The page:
5   Jan KELLER                     SUISSE             00:00:00  
6   Tim DECLERCQ                   BELGIQUE           00:00:00  
7   Nikias ARNDT                   ALLEMAGNE          00:00:00  
8   Nairo Alexander QUINTANA ROJAS COLOMBIE           00:00:00  
9   Romain BARDET                  FRANCE             00:00:00  
10  Johan Esteban CHAVES           COLOMBIE           00:00:00  


1   Rohan DENNIS                   AUSTRALIE          08:10:51  
2   David BOILY                    CANADA             00:00:24  
3   Georg PREIDLER                 AUTRICHE           00:00:35  
4   Moreno HOFLAND                 PAYS-BAS           00:00:35  
5   Tom DUMOULIN                   PAYS-BAS           00:00:40  
6   Jakub NOVAK                    REPUBLIQUE TCHEQUE 00:00:44  
7   Hugo HOULE                     CANADA             00:00:44  
8   Romain BARDET                  FRANCE             00:00:46  
9   Michael VALGREN ANDERSEN       DANEMARK           00:00:48  
10  Dimitri LE BOULCH              FRANCE             00:00:49 

Stage 3 (166 km) has the riders entering the Vosges mountains with a set of 5 categorized climbs including a Cat 1 climb 13km from the end (though it isn't that long or too terribly steep) should begin to shake up the G.C. contenders

Prediction: Selective sprint out of a 4-6 guys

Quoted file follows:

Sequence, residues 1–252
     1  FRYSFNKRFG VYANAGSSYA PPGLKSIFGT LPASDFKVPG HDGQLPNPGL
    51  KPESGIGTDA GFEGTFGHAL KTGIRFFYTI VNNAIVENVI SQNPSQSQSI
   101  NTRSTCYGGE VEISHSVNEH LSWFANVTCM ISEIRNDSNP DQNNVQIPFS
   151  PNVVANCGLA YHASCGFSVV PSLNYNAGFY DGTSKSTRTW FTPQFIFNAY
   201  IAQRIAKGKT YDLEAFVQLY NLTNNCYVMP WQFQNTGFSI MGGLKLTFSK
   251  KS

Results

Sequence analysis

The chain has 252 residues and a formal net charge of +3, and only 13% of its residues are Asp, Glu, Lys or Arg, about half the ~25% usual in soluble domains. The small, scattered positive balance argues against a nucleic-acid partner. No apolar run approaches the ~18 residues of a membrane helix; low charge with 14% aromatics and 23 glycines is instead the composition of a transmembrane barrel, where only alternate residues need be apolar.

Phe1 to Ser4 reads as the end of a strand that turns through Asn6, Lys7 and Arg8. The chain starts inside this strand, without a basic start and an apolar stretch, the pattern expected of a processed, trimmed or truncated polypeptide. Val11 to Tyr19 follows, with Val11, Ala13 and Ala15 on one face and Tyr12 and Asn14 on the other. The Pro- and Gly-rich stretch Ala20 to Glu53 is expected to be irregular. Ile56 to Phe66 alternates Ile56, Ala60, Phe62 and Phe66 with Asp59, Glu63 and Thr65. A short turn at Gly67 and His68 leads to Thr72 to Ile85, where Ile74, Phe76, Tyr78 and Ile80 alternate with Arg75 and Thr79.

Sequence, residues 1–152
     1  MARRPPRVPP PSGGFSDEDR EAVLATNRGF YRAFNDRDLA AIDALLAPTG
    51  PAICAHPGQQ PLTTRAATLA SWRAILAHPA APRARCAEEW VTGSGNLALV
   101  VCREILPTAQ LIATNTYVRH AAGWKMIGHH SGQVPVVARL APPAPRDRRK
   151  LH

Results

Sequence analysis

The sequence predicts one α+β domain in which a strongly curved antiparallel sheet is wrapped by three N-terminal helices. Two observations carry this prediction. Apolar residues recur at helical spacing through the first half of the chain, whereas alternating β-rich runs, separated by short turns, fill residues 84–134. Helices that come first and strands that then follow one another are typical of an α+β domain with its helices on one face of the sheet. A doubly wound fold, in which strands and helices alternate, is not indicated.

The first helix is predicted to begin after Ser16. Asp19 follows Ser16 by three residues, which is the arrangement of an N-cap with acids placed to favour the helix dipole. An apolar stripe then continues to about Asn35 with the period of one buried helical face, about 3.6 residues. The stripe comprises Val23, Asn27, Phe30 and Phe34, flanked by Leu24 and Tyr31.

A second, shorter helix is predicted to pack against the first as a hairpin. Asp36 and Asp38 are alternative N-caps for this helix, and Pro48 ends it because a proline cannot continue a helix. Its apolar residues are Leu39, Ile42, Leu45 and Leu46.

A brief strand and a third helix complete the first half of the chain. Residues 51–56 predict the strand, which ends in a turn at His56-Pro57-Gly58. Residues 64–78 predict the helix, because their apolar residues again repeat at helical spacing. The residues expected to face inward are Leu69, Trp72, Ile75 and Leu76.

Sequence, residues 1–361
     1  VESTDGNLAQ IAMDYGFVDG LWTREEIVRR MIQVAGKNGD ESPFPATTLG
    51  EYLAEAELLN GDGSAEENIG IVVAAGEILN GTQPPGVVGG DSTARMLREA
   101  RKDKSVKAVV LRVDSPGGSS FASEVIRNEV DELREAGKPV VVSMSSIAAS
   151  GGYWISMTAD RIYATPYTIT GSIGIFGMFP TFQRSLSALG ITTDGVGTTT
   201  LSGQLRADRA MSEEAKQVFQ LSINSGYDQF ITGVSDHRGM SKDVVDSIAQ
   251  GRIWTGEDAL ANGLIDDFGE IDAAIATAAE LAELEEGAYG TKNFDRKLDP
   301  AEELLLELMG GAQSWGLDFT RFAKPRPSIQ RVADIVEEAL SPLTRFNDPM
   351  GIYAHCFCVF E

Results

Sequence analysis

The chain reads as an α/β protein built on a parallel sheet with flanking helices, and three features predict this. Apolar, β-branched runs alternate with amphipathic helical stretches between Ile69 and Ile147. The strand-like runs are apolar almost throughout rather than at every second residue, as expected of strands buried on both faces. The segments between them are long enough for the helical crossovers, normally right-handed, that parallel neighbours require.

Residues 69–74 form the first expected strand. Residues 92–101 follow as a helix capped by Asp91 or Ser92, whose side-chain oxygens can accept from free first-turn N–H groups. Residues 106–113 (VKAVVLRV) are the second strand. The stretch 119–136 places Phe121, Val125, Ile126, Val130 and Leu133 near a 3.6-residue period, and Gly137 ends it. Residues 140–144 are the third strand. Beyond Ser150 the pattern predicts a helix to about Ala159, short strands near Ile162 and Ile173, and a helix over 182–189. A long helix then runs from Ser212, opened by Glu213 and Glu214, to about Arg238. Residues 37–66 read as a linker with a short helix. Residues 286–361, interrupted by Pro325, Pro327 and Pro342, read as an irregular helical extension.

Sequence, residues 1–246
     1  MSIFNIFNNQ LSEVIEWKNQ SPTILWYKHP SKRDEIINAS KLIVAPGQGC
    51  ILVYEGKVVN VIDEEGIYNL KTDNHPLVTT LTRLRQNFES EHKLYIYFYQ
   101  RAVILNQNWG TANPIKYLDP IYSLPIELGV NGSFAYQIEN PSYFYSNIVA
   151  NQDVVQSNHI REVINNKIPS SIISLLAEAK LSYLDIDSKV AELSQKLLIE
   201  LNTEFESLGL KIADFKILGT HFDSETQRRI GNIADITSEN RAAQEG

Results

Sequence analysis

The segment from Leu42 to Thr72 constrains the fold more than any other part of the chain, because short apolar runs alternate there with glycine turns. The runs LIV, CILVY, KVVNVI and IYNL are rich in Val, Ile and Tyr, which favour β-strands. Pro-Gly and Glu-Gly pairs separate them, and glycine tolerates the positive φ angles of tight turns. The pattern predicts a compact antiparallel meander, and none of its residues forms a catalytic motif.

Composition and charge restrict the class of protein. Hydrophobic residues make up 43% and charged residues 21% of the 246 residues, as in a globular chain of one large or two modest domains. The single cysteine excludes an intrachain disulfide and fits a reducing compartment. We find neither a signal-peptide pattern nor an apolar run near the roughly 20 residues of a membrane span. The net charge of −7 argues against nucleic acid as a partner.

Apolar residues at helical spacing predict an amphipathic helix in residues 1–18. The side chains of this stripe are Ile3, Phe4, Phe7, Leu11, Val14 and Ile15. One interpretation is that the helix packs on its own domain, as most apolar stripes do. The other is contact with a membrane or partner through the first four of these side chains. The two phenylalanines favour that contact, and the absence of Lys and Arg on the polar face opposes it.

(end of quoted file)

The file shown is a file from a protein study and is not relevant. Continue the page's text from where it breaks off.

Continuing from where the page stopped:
1 Michael Hepburn (Aus) Australien 4:29:58
2 Jordi Simon (Esp) Spanien
3 Christopher Juul-Jensen (Den) Dänemark
4 Vegard Stake Laengen (Nor) Norwegen
5 Mattia Cattaneo (Ita) Italien
6 David Boily (Can) Kanada
7 Johan Esteban Chaves (Col) Kolumbien
8 Mark Christian (GBr) Großbritannien 0:00:54
9 Sebastian Salazar (Col) Kolumbien
10 Miras Bederbekov (Kaz) Kasachstan 0:00:55


1 David Boily (Can) Kanada 12:41:13
2 Michael Hepburn (Aus) Australien 0:00:28
3 Christopher Juul-Jensen (Den) Dänemark 0:00:34
4 Vegard Stake Laengen (Nor) Norwegen 0:00:38
5 Jordi Simon (Esp) Spanien 0:00:41
6 Johan Esteban Chaves (Col) Kolumbien 0:00:45
7 Mattia Cattaneo (Ita) Italien 0:00:46
8 Mark Christian (GBr) Großbritannien 0:01:21
9 Georg Preidler (AUT) Österreich 0:01:29
10 Sebastian Salazar (Col) Kolumbien 0:01:31

So not to toot my own horn or anything but I was pretty on the mark with this one! :) I was sick as a dog while this was going on so that is why this is sooo late...G.C. with a few exceptions seems pretty well defined right now with the top 10 being the ones that will decide the overall

Stage 4 (153,5 km) is a breakaway delight with an undulating course all day along with 4 categorized climbs (2 3's and 2 2's) with a cat. 3 climb 8km from the finish

Prediction: breakaway with 1 G.C. guy